At about 9 we were picked by a man with a mini bus and an apparent need of urgency. He pulled over and yelled at Cody “Bac Ha market! Let’s go!” so we happily obliged. It was a very busy bus with quite a lot of Vietnamese people already on it and piles of boxes and random things, like a sack of vegetables that a local elderly lady was using as her seat. We kept pulling over every 10 minutes in random places and having more locals get on. We ended up picking up 5 old ladies, part of the Hmong tribe and a bunch of others, eventually totalling 30 people crammed into the 9 seater van. We were all laughing about this together and Cody and I were thinking how cool it was that Ben organised a local bus ride for us to experience. When we were nearly at the market the man stopped the bus and got 5 dollars from everyone. I was wondering why we had to pay, because Ben said it was all covered, but Cody explained that there’s no way Ben could have given the money to this guy, which made sense, so I agreed and went with it. 
When we got dropped off the man in the bus told us to be back at 1pm to go back to Lao Cai. We agreed but we’re confused because we thought that we were going to sapa for the homestay after the markets. Again we brushed it and began walking around the markets. 

We got half way through the market when a short man in double denim came up to us and asked if we were “Mr Cody rudland” we said yes. He then explained he had been looking for us and that we got on the wrong bus this morning. Whhhhhaaaatt? 
As it turns out, we were picked up by the public bus to Bac Ha market and must have been called into it before the tour guide bus arrived. And then of course the double denim man called Ben- because everyone has his number and knows him. Ben was panicked. “Hi this Ben. Why didn’t you get on the bus, I told you to wait at the hotel. How much did you have to pay. I’ll pay you back.” (We declined) “Well at least your there now.”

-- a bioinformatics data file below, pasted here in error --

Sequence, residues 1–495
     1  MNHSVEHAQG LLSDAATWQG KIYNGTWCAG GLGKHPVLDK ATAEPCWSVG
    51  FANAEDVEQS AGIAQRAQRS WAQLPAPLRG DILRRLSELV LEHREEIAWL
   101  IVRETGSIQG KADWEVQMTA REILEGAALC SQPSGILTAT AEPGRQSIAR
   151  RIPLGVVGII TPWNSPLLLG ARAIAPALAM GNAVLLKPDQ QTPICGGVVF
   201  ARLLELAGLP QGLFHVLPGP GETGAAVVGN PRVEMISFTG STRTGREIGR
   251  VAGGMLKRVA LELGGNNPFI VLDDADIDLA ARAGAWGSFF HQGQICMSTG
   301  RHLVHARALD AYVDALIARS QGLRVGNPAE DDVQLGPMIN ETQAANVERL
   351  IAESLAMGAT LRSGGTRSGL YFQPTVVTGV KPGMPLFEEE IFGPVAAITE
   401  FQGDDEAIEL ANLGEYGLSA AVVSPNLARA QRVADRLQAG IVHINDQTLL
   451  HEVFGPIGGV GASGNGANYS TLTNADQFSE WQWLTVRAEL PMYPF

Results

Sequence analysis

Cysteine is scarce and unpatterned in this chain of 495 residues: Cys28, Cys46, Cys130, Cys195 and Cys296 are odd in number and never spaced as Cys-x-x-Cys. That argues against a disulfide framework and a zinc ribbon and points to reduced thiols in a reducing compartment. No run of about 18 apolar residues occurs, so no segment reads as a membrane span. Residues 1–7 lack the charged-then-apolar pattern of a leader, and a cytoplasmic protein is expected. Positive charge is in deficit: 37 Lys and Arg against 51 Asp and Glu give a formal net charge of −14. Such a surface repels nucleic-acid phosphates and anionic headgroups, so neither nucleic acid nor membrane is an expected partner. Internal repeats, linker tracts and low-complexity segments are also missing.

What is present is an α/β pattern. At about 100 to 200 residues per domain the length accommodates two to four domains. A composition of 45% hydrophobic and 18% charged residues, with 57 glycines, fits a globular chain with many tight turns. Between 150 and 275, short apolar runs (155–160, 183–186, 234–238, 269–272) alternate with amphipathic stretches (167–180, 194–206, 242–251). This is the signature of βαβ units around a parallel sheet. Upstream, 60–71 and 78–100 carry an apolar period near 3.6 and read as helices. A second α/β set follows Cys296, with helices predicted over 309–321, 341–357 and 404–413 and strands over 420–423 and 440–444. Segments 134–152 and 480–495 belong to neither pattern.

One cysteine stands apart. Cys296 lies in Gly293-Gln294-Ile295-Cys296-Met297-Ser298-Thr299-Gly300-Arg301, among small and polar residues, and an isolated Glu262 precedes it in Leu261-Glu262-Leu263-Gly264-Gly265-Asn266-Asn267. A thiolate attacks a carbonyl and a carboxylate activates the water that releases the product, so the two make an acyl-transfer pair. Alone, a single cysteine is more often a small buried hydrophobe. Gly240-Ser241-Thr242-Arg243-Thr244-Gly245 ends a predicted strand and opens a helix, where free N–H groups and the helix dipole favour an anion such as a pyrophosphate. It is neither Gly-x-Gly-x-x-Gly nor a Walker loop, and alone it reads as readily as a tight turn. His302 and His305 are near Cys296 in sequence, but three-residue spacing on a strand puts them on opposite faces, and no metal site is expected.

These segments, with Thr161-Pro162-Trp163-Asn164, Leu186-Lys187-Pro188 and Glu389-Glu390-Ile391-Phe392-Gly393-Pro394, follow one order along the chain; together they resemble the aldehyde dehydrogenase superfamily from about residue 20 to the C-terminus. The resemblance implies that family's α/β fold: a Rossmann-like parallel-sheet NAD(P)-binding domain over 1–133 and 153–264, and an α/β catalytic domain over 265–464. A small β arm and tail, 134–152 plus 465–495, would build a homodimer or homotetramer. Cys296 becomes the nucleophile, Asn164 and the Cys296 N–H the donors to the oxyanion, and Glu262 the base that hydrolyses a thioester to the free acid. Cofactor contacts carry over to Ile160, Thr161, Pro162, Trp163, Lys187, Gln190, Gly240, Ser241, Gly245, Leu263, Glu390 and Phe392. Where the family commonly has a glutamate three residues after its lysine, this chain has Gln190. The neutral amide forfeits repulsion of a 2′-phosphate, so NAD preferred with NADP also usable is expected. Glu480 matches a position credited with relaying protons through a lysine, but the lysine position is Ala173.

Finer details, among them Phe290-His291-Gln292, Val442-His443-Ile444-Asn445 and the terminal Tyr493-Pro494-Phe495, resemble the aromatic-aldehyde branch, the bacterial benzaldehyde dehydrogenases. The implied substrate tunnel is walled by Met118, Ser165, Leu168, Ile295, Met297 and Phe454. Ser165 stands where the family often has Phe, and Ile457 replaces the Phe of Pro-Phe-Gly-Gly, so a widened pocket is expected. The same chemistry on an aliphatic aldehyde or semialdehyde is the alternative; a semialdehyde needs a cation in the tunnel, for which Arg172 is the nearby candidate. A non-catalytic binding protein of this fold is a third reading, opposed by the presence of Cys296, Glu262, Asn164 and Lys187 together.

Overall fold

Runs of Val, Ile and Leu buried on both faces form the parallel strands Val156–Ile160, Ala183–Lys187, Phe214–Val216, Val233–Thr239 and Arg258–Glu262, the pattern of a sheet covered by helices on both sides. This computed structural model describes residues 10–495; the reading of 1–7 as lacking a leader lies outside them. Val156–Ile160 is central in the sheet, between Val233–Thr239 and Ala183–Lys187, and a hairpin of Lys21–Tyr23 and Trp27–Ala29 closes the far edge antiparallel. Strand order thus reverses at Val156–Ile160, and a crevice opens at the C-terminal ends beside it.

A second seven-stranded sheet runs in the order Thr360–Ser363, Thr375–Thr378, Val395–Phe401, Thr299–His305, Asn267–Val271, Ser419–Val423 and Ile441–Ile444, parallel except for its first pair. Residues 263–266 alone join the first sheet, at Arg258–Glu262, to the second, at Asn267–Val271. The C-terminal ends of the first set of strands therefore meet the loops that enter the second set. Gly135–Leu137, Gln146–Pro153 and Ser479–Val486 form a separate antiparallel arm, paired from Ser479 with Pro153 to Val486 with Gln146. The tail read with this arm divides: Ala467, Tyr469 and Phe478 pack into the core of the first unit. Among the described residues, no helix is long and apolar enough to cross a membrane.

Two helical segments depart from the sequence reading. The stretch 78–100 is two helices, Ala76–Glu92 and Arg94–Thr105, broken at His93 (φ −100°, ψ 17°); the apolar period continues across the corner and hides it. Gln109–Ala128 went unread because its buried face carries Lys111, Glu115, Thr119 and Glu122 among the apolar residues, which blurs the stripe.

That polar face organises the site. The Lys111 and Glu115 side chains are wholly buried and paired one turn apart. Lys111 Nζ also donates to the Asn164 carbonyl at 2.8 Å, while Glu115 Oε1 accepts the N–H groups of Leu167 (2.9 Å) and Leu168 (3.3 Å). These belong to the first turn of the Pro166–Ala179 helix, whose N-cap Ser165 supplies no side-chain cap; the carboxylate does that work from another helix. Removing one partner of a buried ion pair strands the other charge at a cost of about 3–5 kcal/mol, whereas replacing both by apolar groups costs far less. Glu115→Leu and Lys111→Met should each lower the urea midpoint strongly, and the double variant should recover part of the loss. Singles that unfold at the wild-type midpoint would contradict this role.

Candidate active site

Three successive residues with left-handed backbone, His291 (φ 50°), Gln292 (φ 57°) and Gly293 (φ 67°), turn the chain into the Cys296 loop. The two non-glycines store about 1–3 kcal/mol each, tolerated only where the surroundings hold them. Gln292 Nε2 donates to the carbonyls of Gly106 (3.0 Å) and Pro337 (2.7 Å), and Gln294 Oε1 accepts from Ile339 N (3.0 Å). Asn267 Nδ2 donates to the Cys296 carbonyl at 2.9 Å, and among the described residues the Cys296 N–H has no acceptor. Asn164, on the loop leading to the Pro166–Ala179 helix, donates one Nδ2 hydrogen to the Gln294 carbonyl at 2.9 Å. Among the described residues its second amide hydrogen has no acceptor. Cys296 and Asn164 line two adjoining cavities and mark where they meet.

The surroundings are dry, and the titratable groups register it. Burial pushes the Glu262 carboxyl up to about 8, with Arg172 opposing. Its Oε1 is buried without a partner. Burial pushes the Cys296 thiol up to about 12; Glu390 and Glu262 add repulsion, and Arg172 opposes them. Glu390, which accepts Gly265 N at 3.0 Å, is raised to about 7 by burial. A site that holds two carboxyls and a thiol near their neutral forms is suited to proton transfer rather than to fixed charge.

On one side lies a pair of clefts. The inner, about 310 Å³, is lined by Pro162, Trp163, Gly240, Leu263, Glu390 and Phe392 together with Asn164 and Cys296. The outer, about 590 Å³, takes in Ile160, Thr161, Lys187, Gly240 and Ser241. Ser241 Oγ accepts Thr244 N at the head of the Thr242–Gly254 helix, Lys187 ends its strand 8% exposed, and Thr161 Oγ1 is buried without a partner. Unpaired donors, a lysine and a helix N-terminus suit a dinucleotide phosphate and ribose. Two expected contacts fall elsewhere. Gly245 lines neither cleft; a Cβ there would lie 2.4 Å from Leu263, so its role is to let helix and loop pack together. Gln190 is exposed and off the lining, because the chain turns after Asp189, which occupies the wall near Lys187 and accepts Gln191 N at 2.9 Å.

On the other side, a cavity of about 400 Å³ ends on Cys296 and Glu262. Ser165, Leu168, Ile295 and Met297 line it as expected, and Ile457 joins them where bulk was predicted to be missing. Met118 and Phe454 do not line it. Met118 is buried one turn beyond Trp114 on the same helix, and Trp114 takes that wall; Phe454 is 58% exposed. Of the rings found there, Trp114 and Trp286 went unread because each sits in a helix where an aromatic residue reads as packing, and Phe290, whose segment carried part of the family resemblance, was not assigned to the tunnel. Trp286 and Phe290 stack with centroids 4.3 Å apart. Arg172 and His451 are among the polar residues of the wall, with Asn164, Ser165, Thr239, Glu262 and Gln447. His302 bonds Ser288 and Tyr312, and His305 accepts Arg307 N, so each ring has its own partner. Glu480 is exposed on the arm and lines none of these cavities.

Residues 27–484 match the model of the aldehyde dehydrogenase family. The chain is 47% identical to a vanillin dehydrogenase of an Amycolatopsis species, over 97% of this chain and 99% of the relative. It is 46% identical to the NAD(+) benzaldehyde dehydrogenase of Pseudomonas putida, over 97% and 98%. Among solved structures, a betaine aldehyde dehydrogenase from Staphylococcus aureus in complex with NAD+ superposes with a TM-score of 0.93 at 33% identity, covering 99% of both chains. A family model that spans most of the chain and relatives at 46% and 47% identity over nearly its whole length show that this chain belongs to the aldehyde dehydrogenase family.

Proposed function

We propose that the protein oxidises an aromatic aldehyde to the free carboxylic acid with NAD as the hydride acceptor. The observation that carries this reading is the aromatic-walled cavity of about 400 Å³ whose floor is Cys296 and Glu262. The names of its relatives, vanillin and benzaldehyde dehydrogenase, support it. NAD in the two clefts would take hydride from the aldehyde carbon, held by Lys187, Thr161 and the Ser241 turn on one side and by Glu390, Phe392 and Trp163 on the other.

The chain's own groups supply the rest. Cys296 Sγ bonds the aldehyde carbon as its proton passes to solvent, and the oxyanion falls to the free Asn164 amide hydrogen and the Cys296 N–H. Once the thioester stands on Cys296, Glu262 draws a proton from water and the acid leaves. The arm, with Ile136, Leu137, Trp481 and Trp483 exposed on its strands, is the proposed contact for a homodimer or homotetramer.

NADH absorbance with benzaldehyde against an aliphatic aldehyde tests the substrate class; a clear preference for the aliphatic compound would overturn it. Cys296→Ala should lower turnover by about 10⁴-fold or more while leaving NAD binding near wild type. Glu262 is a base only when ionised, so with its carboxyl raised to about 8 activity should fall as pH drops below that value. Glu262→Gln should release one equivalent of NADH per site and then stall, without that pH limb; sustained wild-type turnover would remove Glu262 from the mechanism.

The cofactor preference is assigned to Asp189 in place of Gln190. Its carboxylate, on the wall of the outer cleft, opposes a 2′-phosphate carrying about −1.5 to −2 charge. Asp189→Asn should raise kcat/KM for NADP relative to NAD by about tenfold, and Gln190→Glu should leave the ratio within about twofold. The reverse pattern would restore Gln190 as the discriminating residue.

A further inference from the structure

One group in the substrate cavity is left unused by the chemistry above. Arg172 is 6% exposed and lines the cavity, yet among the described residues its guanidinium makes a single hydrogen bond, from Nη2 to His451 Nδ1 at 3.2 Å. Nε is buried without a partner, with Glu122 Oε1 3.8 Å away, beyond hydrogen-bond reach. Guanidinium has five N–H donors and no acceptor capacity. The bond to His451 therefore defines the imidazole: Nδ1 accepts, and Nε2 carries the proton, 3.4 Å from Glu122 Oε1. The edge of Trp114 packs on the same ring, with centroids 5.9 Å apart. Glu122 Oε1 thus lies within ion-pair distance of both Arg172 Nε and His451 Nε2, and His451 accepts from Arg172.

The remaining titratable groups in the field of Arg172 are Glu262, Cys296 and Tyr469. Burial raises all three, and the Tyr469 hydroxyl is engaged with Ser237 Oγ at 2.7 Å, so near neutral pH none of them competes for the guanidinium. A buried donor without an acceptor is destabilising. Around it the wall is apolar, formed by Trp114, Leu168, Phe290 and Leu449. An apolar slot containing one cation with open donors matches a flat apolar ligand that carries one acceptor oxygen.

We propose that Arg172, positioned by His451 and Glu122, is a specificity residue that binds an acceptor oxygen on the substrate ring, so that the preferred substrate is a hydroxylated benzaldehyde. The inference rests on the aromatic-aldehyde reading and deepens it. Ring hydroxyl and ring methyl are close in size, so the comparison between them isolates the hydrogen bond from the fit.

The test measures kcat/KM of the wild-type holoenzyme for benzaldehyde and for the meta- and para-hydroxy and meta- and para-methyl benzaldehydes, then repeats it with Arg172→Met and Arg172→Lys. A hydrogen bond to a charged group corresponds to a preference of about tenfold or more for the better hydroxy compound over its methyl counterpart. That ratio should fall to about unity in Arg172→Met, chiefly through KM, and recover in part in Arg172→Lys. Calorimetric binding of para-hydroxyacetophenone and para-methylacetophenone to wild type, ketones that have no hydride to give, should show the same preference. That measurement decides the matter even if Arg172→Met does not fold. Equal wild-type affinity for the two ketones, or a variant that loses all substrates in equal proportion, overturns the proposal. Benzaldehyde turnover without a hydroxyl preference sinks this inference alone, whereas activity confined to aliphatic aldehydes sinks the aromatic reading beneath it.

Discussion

The double denim man showed us where to have lunch and where to meet at 1pm for the correct bus. 

Bac Ha market was really cool but probably a vegetarians nightmare. 

There was a section like a slaughter house, with blood all over the ground and de-gloved pig heads and skulls and different bits of meat for sale. 

Up on the hill there were buffalos for sale where they tested there strength on each other, there were chickens in cages, pigs in heshen bags and little puppies for sale too (no, they don’t eat the puppies). There was also a veg market and handicraft stalls. It’s all run by the flower Hmong people and all the tribes go and get their purchases from there every Sunday. 

At 1pm we got on a big tour bus that had loads of room but this time we were all tourists. We went and visited a flower Hmong home in the village and then drove to Lao Cai to drop some people off and see the Chinese border. Seeing china just over the river was a shock because at the time we didn’t realise how far north we were. 
We continued on our drive to sapa and the double denim man said our trekking tour guide for the home stay will pick us up from the bus stop. When we got off a young black Hmong girl got in a taxi with us and said that she was doing the home stay with us at the red dzao tribe and that she would be our guide. “Are you May” we asked? Yes. Finally! We got rid of the second envelope. 

We drove a fair way into the middle of nowhere on a bumpy road and walked up a really steep hill and found our way to the homestay. We got offered a herbal bath that was amazing and had a terrific time with others enjoying the homestay, May and the red dzao tribe. Once we got to May we didn’t have any more phonecalls from Ben and the special agent mission we felt like we were on had finished. 


Sapa was definitely the biggest highlight of our trip, and whether you decide to do it the go-with-the-flow, wait for phone calls, special agent way or you decide to go through a normal, straight forward and organised tour I totally recommend it. 10/10